From a capital standpoint, however, the story is very different. In Q1, Europe-listed banks added to their buffers to regulatory capital minimums by an average of 55bp, partly due to a drop in capital requirements, but also partly due to capital retention forced upon them by the regulators as dividends and share buybacks were suspended (and remain so).
In Q2 the capital requirements are generally similar to the end of Q1, so less of a boost here but banks in the aggregate are still adding to their CET1 by retaining capital. In Thursday’s results, for example, Standard Chartered added 90bp, Lloyds 60bp, Credit Suisse 40bp and BBVA 38bp. Another example is Barclays, which boasts over 300 years of history and announced this week it held its highest ever level of capital at the end of Q2.
It is still early days in this recession, and we do expect loan losses to get higher as the year wears on and probably not peak until the first half of 2021, but the signs so far are good for bondholders and regulators alike. Banks have been able to take material provisions in the first half of the year and simultaneously have managed to increase their buffer to regulatory capital requirements.
What can we look forward to in Q3?
Realised losses are likely to grow in Q3 as government aid programmes roll off and delayed defaults start to come through, but the default rate in Europe is likely to be lower than we initially feared.
Payment holidays are ending, but the question is how many of these holidays will turn to loan losses. We are mainly concerned here with unsecured consumer loan holidays, but listening to the comments of bank executives in recent days, it appears a large majority of these are returning to payments again.
Private banks have weathered the dip in assets well; clients’ NAVs have bounced hard and asset gathering is their focus again, so likely a good quarter ahead.
Mortgage lending does not give us sleepless nights and we think this will be shown in Q3.
Investment banking is always tough in Q3 as it contains the summer months of July and August, and this year in particular a lot of activity was pulled forward into Q2. Financial markets are not going to be able to repeat Q2 from a performance point of view, so we expect a less exciting quarter ahead for the investment banks.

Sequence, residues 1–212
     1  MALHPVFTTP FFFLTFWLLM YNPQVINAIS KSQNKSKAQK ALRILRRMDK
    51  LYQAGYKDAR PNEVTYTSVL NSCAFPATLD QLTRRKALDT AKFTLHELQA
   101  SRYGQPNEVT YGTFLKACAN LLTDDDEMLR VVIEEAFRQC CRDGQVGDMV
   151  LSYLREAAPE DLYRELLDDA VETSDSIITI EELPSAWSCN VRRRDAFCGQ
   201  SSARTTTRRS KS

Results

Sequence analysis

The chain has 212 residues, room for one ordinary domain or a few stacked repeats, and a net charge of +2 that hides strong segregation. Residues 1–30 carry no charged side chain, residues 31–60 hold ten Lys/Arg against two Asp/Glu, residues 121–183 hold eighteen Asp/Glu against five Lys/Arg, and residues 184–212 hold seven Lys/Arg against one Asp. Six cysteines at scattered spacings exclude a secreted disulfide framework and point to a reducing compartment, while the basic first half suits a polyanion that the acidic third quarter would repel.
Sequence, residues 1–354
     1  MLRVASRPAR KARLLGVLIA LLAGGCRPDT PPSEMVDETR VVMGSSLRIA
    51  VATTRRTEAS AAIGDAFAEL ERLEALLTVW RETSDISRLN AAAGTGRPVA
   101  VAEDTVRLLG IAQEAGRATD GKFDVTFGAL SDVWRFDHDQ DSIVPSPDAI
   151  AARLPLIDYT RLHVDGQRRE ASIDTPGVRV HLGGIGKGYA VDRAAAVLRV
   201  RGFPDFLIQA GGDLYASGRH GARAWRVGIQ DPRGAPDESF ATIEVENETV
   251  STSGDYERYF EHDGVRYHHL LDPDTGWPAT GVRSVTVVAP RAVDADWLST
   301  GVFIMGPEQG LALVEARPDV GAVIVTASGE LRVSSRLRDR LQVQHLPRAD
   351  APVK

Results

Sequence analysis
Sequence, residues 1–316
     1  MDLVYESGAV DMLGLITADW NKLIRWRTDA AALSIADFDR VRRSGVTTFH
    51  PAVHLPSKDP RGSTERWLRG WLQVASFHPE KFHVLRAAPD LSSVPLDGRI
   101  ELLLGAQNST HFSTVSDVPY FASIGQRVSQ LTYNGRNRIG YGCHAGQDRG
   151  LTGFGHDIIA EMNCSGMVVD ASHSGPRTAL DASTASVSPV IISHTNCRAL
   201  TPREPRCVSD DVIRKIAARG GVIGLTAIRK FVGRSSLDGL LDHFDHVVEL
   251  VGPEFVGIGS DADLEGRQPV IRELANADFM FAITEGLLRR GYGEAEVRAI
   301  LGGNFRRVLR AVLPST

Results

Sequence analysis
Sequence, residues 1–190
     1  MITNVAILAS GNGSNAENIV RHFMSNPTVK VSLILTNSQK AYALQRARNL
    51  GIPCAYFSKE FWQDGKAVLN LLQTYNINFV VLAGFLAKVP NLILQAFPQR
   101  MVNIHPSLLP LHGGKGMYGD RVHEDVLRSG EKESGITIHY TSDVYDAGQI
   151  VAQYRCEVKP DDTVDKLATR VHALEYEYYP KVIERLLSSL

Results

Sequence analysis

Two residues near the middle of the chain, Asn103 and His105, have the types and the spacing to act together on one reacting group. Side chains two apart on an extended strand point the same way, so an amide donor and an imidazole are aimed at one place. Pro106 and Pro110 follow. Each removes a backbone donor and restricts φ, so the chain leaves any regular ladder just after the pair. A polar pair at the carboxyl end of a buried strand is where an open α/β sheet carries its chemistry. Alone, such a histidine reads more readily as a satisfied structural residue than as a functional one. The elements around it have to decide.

Finally, the regulators are not going to ease up now. Capital trapping has worked perfectly – why would they allow distributions before the peak in defaults? We cannot see dividend payments at least until Q1.
What does this mean for bondholders?
From a bondholder perspective, we have long argued that banks need to prove themselves through the next recession in order to drop the stigma they picked up in the global financial crisis, and until they did this their bonds would continue to trade in a highly pro-cyclical way. This has certainly been the case so far, but investors who dumped their bank bonds in the early days of the COVID-19 crisis will be ruing that decision now.
A combination of more prudent lending standards and much stronger regulatory oversight have made banking a much safer business for bond investors, in our view. Today investors are being paid for pro-cyclicality in bank bonds that is actually diminishing.
One question we are getting frequently at the moment is how we are going to become more pro-cyclical as the cycle develops. While we do believe we need to embrace pro-cyclicality, timing this with confidence is always the challenge. We think exposure to the banking sector is one of the least risky ways to do it.